Africa’s Speculative Urban Future

Christopher Marcinkoski

French version of the article was published in issue 4/2016 of Swiss magazine TRACÉS.

Today, according to recent United Nations data, there are just under 1.2 billion people living on the African continent. By 2050, this number is projected to double to approximately 2.4 billion people. By 2100, there is presumed to be somewhere in the realm of 4.4 billion people living in Africa, accounting for roughly 40% of the total population of earth. [1]

While Africa is currently home to a hugely diverse range of urban formats vis-à-vis their degree of maturity, the politics that guide them, and the economies that support them, the overall urban condition is substandard—both in terms of the infrastructures upon which it relies, and the building stock of which it is composed. In this context, there should be little question regarding the need for substantial upgrades to Africa’s urban settlement and infrastructure.

Not coincidentally, in the ten or so years since the peak of the global real estate bubble in 2004 these population projections, in combination with the extreme deficiency of urban services and settlement seen across the continent, have led to a growing wave of proposals for new large-scale urban development throughout Africa. Acknowledging the urgent need for upgrades mentioned above, what is of particular interest regarding these proposals is the radical incongruity of their scale, scope, format and program relative to the actual demographic and market demands of the contexts they are being proposed within.

For example, many of these proposals are reliant on models of urbanization-driven economic growth that unapologetically borrow from exogenous pursuits recently employed in places like China and the Middle East. This appropriation seemingly ignores the fundamentally different set of material and demographic resources characterizing the contexts from which they are drawn, as well as the radically different governance and land tenure systems on which they are based. In turn, beyond their clear misalignment with the near-term realities of the African milieu, what many of these proposals for new settlement and infrastructure imply is the threat of further exacerbating deficient urban conditions by shifting severely limited capital resources away from more basic urban services. [2] In this way, these “African New Towns” represent an increasingly critical topic of concern for those disciplines actively engaged in their planning, design and construction.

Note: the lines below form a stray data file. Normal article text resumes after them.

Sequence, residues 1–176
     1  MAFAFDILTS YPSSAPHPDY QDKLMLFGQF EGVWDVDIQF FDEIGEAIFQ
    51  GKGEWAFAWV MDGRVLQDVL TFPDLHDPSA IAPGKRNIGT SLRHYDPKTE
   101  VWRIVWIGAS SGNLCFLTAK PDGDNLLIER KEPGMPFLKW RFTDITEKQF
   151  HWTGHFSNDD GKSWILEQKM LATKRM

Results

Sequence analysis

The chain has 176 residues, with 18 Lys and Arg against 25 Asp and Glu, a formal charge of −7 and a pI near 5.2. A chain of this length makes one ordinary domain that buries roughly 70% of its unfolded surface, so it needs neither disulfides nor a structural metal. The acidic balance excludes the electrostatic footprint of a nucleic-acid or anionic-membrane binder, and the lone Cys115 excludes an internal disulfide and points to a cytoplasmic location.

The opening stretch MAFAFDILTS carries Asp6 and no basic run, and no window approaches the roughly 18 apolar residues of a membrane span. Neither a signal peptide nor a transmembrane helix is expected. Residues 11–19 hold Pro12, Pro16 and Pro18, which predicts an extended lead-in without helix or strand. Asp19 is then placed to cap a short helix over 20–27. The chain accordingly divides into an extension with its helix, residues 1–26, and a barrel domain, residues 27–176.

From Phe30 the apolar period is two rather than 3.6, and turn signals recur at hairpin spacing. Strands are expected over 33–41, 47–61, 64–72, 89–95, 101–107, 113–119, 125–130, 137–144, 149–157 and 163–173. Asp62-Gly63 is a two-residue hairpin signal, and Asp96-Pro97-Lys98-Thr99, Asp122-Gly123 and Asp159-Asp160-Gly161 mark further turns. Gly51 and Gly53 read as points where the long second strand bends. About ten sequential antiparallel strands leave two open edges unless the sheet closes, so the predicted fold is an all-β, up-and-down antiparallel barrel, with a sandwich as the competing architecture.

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[1] United Nations, Department of Economic and Social Affairs, Population Division (2015), World Population Prospects: The 2015 Revision, Key Findings and Advance Tables, Working Paper No. ESA/P/WP.241.
[2] Vanessa Watson. “African Urban Fantasies: Dreams or Nightmares?,” Environment and Urbanization 26, no. 215 (2014): 229.
[3] Christopher Marcinkoski, The City That Never Was (New York: Princeton Architectural Press, 2015).
[4] For a more complete discussion of these and other historical examples of speculative urbanization, see “A Brief History of Speculative Urbanization” in Marcinkoski, The City That Never Was, 16–48.
[5] “Booms and Busts: The Beauty of Bubbles,” Economist, December 18, 2008.
[6] Zenata Eco City project website, (accessed October 25, 2015).
[7] While the Denver-based firm Oz Architects did much of the initial planning for Kigali 2020, the current scheme is clearly driven by Surbana given its characteristic disconnect with reality as seen in other projects such as their work in Mumbai.
[8] “Egypt unveils plans to build new capital east of Cairo,BBC (March 13, 2015).
[9] For a discussion of these post-war pursuits see Eric Mumford, The CIAM Discourse on Urbanism, 1928-1960 (Cambridge: The MIT Press, 2000).
[10] “China in Africa: One Among Many,” Economist, January 17, 2015.
[11] See for example, The EU-Africa Infrastructure Trust Fund. For a discussion of the motivations behind these investments see, The World Bank, “Harnessing Urbanization to End Poverty and Boost Prosperity in Africa,” October 23, 2013.
[12] See Jessica Chu, “Investigation Into German Involvement In Land Grabbing In Zambia,” Zambia Land Alliance and Caritas Zambia (March 23, 2012), and Hawkwood Capital statement on corporate social responsibility.
[13] Examples include the aforementioned Surbana and CITIC, as well as U.A.E.’s Emaar.
[14] See “Urbanization Beyond Speculation” in Marcinkoski, The City That Never Was, 220–235.
[15] For example, a common critique of the utility of the contemporary Landscape Urbanism discourse is its perceived embrace of open-endedness and indeterminacy at the expense of well-defined physical or policy interventions.
[16] Michelle Provoost, “Why Build a New Town?” in Volume no. 34—City in a Box.